7 Ways To Teach Kids To Be Grateful, According To Experts

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Happy young child eating an apple

As a parent, it can be tempting to spoil our kids, especially around the holidays and their birthdays. And while it's okay to regale them with gifts every so often, they must learn to appreciate what they have. With that in mind, here are some tips to help you teach your kids the importance of gratitude:

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Seven expert-approved ways to teach kids to be grateful 

1. Model gratitude for your children.

Your children can easily see if you are thankful for the things that come into your life and whether you share that thanks with the people who bring things into your life. When you model gratitude, you reinforce the behavior and its importance.

2. Introduce gratitude as a game.

Focusing on small things, play a game where each person shares something they are grateful for. You can play this game while in the car by naming things that you see; you can play this game sitting in a waiting room by naming things that start with different letters of the alphabet; you can play this game in so many different ways. By making it a game, you allow your children to learn about all they can be grateful for while not making it too serious.

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3. Focus on why we are grateful.

It is one thing to say that we are grateful for a beautiful day, but it is so much deeper to acknowledge we are grateful for the sun shining because it makes us happier. It is one thing to say we are grateful to have someone as our child, but it is so much more significant to acknowledge we are grateful we have a child to bring us joy. Are you grateful simply because of things that happen, or have you made being grateful the core of who you are?

4. Gratefulness should not just be fostered about good things.

If you teach your child to be grateful, don't miss the chance to express gratefulness when things are less rosy. Can you be grateful after a car accident in which no one was hurt? Can you be grateful for a rainy day because crops need the rain?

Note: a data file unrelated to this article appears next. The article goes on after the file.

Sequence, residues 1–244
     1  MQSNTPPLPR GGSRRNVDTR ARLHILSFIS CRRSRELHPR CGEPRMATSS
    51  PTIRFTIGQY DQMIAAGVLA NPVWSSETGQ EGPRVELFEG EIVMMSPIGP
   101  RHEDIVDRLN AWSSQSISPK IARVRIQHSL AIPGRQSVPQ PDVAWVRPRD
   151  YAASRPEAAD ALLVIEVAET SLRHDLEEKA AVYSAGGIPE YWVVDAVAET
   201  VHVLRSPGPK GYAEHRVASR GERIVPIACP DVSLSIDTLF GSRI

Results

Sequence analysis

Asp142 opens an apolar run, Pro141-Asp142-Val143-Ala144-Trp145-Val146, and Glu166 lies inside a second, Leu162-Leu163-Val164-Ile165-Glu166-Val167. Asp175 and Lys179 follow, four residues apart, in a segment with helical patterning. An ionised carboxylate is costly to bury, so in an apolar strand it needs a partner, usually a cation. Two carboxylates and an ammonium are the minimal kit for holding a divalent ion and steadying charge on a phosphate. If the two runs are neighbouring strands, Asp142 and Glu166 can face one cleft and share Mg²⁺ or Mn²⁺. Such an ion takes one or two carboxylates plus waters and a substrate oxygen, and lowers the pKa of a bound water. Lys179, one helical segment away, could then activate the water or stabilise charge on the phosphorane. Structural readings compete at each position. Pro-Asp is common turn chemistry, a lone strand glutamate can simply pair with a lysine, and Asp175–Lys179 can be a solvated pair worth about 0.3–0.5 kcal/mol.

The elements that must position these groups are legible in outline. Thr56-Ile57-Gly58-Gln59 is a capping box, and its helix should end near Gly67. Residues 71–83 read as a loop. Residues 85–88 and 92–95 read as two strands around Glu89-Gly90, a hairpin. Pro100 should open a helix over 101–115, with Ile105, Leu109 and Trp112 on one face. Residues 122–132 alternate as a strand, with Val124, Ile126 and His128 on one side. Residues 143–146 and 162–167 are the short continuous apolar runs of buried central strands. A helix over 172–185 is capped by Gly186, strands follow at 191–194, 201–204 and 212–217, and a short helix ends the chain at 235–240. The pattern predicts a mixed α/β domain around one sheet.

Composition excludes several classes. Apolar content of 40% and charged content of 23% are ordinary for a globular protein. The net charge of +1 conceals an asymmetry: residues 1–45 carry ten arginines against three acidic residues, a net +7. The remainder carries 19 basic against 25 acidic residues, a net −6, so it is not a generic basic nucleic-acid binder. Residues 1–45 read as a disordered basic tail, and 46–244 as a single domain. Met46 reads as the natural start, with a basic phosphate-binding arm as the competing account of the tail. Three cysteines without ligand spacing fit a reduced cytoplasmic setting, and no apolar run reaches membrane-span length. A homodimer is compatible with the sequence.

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5. Start simple.

Introducing children to gratitude and expanding their consciousness may begin with teaching children to say 'thank you' for gifts and things others do for them. It may also include saying Grace before meals. We can point out how the vegetables or bread we eat come from seeds planted, nurtured, watered, harvested, packaged, transported, and sold by storekeepers. Our nourishment involves many people who work hard to put food on our tables. Saying grateful words before a meal helps us remember gratitude for all who contribute to our well-being.

6. Make a list.

Writing a gratitude list (or drawing a picture with young children) makes people of any age feel better. I encouraged this exercise with my children as they grew up and with the people in my practice. I have written a daily gratitude list for 20 years.



7. Serve others.

One way to foster gratitude in teens is to take a group to serve at a soup kitchen, help build a home with Habitat for Humanity, or work with a Midnight Run group bringing blankets and food to the unhoused. Kids who are lucky enough to have a home and parents realize not everyone has the same blessings. It can be an eye-opener.

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